UN Anticipate Possible Genocide In South Sudan

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A United Nations special commission sounded the alarm Wednesday that “ethnic cleansing” is now underway in South Sudan and if there is no international intervention it is likely to descend into a “Rwanda-like” genocide.

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The chairperson of the U.N.’s Commission on Human Rights in South Sudan said targeted displacement of citizens in the country is already going on, with looting, rape and killing along ethnic lines spreading.

The fear, said Yasmin Sooka, chair of the commission, is that a lack of international interest will be taken as a sign that the civil war can continue to intensify. Since the war started in 2013, more than one million people have fled the country for safety.

Sooka recommended 4,000 peacekeepers be sent to South Sudan immediately, fanning them out across the country because atrocities are being committed across the entire country.

The commission also asked that a hybrid court be established by the African Union and government of South Sudan to handle the situation, and that the U.N. start investigations and gathering evidence immediately of the atrocities being committed as proof is being concealed or destroyed.

“There is an increase in polarized ethnic identities, a culture of denial, and in some areas, systematic violations that have been planned. The Commission’s recent visit to South Sudan suggests that a steady process of ethnic cleansing is already underway in some parts of the country,” Sooka said in an address to a special gathering of the U.N.’s Human Rights Council. “We don’t use that expression lightly.”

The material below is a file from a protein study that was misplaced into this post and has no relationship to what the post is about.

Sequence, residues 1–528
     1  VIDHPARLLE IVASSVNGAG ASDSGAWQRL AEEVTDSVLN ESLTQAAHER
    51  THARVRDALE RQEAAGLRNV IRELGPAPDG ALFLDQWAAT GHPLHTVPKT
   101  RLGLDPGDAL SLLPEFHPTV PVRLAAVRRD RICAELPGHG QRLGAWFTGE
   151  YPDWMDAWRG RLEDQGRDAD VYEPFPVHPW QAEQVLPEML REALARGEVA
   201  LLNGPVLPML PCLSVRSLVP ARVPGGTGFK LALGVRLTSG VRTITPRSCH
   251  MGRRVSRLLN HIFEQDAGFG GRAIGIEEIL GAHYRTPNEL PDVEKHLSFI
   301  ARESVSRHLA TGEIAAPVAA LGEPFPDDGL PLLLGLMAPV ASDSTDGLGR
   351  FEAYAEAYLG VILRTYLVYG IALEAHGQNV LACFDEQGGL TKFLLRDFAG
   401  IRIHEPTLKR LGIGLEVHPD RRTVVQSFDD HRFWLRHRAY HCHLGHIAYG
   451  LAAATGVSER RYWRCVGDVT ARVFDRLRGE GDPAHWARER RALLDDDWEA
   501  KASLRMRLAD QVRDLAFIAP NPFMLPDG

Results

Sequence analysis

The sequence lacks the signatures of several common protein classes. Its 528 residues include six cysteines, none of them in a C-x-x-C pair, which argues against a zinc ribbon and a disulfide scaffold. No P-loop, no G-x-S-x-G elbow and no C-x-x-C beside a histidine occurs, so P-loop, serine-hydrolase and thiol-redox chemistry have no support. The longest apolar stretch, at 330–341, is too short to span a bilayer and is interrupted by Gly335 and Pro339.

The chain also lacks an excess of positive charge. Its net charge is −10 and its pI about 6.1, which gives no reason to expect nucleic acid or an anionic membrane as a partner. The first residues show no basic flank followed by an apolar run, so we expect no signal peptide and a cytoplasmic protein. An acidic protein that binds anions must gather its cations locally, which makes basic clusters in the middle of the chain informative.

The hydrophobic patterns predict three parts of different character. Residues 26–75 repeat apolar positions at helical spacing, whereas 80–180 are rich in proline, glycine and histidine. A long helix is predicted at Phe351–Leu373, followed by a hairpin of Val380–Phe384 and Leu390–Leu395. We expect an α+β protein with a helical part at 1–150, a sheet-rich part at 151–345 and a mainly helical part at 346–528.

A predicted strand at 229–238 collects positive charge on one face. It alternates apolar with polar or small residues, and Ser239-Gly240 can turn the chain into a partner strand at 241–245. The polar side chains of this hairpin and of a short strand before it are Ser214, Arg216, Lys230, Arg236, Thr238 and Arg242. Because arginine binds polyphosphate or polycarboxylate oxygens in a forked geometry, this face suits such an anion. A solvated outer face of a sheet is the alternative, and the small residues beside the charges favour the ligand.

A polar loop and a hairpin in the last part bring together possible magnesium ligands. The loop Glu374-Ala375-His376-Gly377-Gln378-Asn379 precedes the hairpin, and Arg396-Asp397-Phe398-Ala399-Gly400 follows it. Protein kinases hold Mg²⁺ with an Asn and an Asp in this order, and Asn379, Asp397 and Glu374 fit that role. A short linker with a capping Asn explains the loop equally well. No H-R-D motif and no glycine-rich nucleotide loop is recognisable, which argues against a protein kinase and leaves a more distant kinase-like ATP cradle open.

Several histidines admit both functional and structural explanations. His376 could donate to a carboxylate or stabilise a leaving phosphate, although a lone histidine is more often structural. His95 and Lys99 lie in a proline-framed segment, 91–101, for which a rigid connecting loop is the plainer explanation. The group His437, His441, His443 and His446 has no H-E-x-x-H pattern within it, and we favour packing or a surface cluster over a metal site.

South Sudan’s civil war started in 2013 when the country’s president, Salva Kiir, accused his former vice president, Riek Machar, of attempting a coup to drive him from power. The two hail from different ethnic groups — Kiir is Dinka and Machar is Nuer — which led to sectarian violence as they appealed to each of their tribes for support.

Sooka said on the commission’s first trip to South Sudan in September, ethnic polarization in the country was obvious and concerning.

On their most recent trip, in November and December, members of the commission traveled through South Sudan, Kenya and Ethiopia finding that “all the early warning signs for mass atrocities in South Sudan are there.”

While genocide can still be avoided, Sooka said, South Sudan stands on the brink of all-out ethnic civil war. A larger, even worse war could destabilize the region and has citizens worried it could turn into a Rwanda-like situation, which resulted in the death of more than 800,000 people based on their ethnicity.

“People are tiring of the UN holding inquiries and mandating reports after the event, ascertaining blame for its failures in the past once it’s already too late,” Sooka said. “With South Sudan we have a rare chance to avert further catastrophe. Our Commission has issued the warning and we are definitely not alone in this.”

GNA

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